Aviation news analysis
50 SKY SHADES - World aviation news

AviationCV.com: hard lessons of the lack of pilot’s personality assessment

Download: Printable PDF Date: 23 May 2018 01:33 category:
AviationCV.com: hard lessons of the lack of pilot’s personality assessment - Airlines publisher
Krista Kuznecova
Aircraft: Airplanes

When it comes to finding the right pilot to fly commercial aircraft, experience in the cockpit is not enough. While aviators are now required to have at least 500 flight hours under the belt, not to mention work history and other documents, airlines are now looking for what is the best fit to their company – personality.

“There is quite specific regulation on what credentials and assessments are required of a commercial airline pilot. These include medical certificate, pilot’s license, license verification, logbook, criminal record, no accident letters and that’s just to apply for a position. Even so, when it comes to a person’s character, their work and medical history can only tell you so much,” says Skaiste Knyzaite, the CEO of AviationCV.com – the biggest free aviation job board worldwide and a leading aviation personnel recruiter.

Indeed, professional qualifications cannot guarantee that a person is capable for the arduous work of a pilot. After all, the aviators have multiple responsibilities - operating aircraft, managing flight crew, ensuring safety aboard the plane and handling emergency situations. This is where social, psychological and communicative dimensions come into play.

For example, working as a pilot can cause chronic stress, not to mention that travelling across the globe with different staff with each flight might get lonely. And when a pilot’s psychological needs are not fulfilled, tragedies like Germanwings Flight 9525 in 2015, when a pilot deliberately crashed aircraft with 150 people onboard into the French Alps, happen.

In fact, the specificity of pilot’s work has prompted many studies in psychology, cognitive science and, more recently, in neuroergonomics. The scientific research aims to determine what kind of character traits are best for siting in the cockpit of a commercial plane. Most studies show that cognitive bias is one of the biggest issues in pilot’s communication. And with the enormous 70% of aircraft accidents attributed to human error, breakdown in communication can literally mean life or death.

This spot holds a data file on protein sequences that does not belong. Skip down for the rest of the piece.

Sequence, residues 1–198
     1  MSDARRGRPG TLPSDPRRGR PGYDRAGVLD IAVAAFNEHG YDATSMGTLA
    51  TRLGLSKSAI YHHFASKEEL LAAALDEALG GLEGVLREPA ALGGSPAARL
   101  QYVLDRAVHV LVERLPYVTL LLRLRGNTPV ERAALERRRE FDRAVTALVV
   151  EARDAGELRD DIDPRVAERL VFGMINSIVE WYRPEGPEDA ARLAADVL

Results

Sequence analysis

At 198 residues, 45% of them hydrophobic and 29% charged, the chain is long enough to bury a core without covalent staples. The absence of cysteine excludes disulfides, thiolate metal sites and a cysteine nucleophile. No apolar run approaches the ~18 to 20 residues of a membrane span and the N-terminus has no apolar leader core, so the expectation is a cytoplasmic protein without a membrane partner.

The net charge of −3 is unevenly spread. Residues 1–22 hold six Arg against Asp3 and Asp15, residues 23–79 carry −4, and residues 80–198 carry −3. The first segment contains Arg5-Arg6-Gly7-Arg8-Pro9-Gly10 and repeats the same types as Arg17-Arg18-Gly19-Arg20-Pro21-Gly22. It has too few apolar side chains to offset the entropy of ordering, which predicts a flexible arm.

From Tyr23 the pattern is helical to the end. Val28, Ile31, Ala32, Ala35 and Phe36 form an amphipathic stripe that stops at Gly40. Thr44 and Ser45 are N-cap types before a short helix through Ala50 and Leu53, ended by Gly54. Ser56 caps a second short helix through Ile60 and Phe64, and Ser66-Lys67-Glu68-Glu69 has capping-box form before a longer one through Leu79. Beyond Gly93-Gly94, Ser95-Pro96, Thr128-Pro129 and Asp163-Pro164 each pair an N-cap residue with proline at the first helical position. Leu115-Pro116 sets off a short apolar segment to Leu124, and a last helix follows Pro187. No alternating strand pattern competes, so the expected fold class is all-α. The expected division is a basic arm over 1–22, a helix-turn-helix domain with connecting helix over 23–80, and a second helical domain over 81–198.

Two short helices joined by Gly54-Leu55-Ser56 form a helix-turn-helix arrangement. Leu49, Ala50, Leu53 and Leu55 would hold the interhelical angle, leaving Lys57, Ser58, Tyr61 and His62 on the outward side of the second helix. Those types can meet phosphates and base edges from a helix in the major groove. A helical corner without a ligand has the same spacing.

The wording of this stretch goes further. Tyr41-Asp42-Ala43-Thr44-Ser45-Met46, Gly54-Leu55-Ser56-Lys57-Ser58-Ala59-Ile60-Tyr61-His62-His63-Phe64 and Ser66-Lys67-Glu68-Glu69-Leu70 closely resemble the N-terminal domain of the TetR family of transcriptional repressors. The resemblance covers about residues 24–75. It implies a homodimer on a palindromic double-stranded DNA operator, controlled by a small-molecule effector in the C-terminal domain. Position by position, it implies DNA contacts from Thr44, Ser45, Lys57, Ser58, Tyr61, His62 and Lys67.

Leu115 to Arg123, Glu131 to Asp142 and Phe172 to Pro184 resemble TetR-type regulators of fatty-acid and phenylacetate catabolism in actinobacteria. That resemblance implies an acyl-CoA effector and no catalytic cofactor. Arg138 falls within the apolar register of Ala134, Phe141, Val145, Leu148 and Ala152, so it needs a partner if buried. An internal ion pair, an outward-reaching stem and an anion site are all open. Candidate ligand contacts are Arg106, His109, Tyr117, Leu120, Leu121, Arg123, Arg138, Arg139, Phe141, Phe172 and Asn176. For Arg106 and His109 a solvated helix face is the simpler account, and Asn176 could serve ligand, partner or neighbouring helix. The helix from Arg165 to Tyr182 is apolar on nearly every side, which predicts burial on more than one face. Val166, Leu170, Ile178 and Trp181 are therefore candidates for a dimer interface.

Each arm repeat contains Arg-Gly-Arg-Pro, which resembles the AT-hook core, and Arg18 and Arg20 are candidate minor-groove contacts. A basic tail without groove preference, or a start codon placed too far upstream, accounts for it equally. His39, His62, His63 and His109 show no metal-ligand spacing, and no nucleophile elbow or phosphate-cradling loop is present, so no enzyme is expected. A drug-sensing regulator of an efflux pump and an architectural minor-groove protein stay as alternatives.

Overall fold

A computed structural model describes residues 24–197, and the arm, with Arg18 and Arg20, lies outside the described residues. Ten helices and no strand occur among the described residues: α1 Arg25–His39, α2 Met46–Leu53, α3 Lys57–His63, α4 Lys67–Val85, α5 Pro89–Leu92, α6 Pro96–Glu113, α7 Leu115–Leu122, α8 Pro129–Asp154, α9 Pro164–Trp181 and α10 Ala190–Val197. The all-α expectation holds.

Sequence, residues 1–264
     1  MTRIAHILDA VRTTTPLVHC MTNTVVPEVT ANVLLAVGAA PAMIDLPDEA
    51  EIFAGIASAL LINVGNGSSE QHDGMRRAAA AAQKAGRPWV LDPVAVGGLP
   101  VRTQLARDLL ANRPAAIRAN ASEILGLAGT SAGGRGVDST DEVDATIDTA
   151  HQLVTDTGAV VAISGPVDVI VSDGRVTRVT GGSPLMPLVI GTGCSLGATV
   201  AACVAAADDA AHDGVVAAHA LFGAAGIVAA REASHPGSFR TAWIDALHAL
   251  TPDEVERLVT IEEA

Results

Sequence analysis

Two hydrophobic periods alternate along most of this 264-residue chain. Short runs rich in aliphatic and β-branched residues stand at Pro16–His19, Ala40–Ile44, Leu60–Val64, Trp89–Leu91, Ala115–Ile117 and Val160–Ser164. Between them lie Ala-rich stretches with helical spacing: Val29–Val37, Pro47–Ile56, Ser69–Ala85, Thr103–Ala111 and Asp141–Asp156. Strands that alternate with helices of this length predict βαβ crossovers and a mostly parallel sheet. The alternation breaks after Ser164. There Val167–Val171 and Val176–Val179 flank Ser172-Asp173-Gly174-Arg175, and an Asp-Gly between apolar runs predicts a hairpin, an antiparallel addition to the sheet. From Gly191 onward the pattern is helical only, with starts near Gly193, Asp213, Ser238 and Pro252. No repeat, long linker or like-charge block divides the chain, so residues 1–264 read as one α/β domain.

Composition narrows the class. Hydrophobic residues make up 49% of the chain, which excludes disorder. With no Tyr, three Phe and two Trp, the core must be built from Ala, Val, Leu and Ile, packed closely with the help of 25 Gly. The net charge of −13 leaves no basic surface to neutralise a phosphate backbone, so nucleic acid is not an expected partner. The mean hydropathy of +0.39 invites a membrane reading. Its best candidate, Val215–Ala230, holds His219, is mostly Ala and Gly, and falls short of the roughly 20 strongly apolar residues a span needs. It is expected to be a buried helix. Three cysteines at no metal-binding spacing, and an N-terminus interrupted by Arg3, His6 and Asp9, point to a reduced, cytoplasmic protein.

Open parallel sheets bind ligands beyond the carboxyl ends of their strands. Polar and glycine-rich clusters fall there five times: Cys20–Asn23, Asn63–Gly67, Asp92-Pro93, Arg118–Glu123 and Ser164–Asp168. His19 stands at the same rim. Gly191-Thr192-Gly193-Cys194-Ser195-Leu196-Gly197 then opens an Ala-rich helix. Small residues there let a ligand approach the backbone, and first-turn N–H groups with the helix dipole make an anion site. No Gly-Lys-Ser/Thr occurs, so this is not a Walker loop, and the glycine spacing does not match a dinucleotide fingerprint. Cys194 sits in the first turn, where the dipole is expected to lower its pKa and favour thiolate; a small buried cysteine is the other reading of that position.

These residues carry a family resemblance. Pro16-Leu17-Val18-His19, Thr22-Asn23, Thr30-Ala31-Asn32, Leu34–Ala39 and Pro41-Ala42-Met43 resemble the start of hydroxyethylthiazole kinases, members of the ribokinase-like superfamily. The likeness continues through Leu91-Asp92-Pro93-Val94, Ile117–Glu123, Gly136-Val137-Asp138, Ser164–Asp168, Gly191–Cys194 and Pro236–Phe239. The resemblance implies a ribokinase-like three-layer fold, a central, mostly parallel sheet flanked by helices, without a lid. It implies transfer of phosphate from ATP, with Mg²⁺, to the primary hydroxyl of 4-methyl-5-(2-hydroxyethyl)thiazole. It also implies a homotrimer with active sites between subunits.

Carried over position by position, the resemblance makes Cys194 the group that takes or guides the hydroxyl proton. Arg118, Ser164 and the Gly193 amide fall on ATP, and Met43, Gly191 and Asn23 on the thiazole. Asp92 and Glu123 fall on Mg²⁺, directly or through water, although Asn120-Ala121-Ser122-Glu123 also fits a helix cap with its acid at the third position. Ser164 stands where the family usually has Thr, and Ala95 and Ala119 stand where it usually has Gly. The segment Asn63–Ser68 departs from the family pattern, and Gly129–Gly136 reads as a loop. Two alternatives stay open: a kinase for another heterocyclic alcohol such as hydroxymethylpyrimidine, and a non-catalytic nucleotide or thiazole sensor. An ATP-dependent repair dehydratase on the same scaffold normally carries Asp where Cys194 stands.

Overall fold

“Unfortunately many of the incidents in aviation history may have been prevented with appropriate communication. So personality traits like low emotionality and high sociability are essential characteristics for both captains and first officers,” shares Skaiste Knyzaite.

According to studies, even such thing as pilot hierarchy in the cockpit (among the captain and the first officer) can lead to fatal accidents. Take First Air crash in 2011 as an example: captain dismissed the inexperienced first officer’s observation that aircraft was veering off-course, which, in the end, tragically resulted in 12 deaths. Things like gender, cultural stereotypes, age, ethnicity and others also influence the decision making of the captains.

That is why AviationCV.com is developing a project to assess the suitability of candidates for career in aviation. The company is combining the scientific research that goes into establishing what characteristics are essential for being a good pilot and then tailoring assessments to each company according to its corporate culture.

“Whether or not a candidate is suitable for flying a plane depends on many things – position, experience, characteristics and of course, the company they will work for. That is why, instead of creating one-size-fits-all questionnaire, AviationCV.com will also look at the culture of the company and what kind of person they want to join their fleet,” explains Ms. Knyzaite.

But how will the new feature serve for the pilots themselves? Wouldn’t it be just another point in the long list of the requirements? Well, apart from taking care of the recruitment process, the solution would also ensure that once hired, pilots are always feeling well and at the top of their game. “We want to offer airlines to not only save time by ensuring the credentials are verified, but to also determine the specific character traits and their emotional state at all times. Giving pilots the emotional support they need and making sure they are right for the particular job is sure to minimize the potential of human error,” finished Ms. Knyzaite.

Loading comments for AviationCV.com: hard lessons of the lack of pilot’s personality assessment...


Jet Aviation receives EASA Part-145 approval for Bombardier Learjet 60 in Vienna

Jet Aviation’s maintenance facility in Vienna has recently received EASA Part-145 approval for the Bombardier Learjet 60 aircraft. The company began its first 120-month inspection on a Turk...

AAG and London Biggin Hill bring US and UK closer together with New York Heli Shuttle

London Biggin Hill and Associated Aircraft Group (AAG), the premier executive helicopter company, are announcing the launch of the New York Heli Shuttle, establishing even closer links between the US...

Airbus A330neo en route to function & reliability tests

Flying over European Airbus sites and visiting 15 cities worldwide to test aircraft readiness for airline operations The A330neo, Airbus’ newest widebody aircraft, has embarked on a worldwide...

TAG Aviation Receives EBAA’s Diamond Safety of Flight Award at EBACE 2018

TAG Aviation (UK) Ltd and TAG Aviation SA are pleased to announce that they have been honoured with the European Business AviationAssociation’s (EBAA) Diamond Safety of Flight Award at a sp...